Judicial review is the idea, fundamental to the US system of government, that the actions of the executive and legislative branches of government are subject to review and possible invalidation by the judiciary. Judicial review allows the Supreme Court to take an active role in ensuring that the other branches of government abide by the constitution.
The text of the Constitution does not contain a specific provision for the power of judicial review. Rather, the power to declare laws unconstitutional has been deemed an implied power, derived from Article III and Article VI of the U.S. Constitution. Judicial review of the government was established in the landmark decision of Marbury v. Madison, the first Supreme Court decision to strike down the act of Congress as unconstitutional, with the famous line from Chief Justice John Marshall: "It is emphatically the duty of the Judicial Department to say what the law is. Those who apply the rule to particular cases must, of necessity, expound and interpret the rule. If two laws conflict with each other, the Court must decide on the operation of each."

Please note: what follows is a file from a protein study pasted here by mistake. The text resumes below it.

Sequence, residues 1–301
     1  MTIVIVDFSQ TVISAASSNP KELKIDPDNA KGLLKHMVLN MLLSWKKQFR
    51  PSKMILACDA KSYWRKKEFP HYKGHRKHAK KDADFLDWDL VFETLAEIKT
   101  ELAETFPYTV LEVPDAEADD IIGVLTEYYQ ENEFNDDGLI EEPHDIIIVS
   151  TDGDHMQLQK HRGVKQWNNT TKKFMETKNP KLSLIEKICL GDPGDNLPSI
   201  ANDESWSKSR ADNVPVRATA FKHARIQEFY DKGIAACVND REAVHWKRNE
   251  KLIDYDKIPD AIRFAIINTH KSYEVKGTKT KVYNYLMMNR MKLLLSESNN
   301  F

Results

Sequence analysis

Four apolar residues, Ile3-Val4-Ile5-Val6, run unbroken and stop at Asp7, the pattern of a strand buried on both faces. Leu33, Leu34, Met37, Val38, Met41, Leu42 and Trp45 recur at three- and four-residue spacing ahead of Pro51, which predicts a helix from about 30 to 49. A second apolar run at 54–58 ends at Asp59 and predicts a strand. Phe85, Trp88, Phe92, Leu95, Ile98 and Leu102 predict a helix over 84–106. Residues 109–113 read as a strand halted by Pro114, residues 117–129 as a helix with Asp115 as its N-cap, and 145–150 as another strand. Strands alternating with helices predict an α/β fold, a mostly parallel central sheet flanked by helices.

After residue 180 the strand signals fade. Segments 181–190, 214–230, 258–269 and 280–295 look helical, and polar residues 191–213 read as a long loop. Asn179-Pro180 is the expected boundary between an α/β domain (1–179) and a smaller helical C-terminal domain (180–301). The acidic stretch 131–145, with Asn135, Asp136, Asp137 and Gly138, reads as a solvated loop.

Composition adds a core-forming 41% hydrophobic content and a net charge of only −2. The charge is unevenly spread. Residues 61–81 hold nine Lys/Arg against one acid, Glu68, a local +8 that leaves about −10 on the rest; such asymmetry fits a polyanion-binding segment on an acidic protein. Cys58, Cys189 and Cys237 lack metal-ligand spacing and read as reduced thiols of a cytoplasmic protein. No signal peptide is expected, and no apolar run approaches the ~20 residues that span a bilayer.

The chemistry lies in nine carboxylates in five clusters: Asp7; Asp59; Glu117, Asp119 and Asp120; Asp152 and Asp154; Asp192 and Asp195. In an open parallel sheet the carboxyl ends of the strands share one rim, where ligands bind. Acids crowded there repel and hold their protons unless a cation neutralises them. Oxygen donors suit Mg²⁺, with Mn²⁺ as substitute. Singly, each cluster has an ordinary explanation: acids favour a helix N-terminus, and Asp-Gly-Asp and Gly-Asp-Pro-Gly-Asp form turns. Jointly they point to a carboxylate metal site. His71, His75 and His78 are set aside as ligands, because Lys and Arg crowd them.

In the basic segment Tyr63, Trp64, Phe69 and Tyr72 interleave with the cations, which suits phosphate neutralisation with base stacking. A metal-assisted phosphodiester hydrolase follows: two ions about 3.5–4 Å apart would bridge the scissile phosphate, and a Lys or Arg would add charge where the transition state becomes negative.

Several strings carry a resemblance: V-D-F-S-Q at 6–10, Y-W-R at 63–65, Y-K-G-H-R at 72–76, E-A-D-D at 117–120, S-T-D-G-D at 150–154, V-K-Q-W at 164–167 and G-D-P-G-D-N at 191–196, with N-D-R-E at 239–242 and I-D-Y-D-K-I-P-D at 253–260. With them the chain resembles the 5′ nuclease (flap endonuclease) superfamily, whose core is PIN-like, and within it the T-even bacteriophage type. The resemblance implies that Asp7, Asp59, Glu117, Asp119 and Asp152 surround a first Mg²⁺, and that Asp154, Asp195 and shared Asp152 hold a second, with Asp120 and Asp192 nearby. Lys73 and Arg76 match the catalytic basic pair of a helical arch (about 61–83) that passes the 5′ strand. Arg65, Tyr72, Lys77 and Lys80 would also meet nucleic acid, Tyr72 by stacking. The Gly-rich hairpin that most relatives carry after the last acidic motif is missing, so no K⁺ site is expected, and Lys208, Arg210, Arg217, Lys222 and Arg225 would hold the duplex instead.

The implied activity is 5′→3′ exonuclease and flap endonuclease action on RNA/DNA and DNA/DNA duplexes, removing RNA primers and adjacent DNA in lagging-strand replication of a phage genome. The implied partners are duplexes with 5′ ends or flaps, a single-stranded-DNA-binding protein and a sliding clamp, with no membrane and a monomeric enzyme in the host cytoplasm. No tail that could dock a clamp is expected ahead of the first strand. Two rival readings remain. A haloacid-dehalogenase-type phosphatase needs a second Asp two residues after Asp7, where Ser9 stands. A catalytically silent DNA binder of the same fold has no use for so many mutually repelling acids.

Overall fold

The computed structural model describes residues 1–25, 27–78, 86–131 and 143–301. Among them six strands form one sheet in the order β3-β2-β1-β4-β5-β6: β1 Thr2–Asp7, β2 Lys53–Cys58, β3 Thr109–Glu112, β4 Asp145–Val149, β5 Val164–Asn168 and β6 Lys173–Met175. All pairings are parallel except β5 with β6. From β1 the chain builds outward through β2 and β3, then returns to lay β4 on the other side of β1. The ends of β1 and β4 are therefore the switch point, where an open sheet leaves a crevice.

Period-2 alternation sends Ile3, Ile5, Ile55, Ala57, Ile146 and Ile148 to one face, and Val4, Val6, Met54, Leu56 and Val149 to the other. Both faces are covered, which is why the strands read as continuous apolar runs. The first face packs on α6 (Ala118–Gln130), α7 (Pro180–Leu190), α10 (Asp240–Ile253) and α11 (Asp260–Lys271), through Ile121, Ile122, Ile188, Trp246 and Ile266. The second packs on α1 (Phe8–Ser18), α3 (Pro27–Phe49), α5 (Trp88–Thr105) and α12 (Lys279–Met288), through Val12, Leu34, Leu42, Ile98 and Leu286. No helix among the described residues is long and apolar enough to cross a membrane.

Last updated in June of 2017 by Stephanie Jurkowski
Last updated June 10, 2019 by Krystyna Blokhina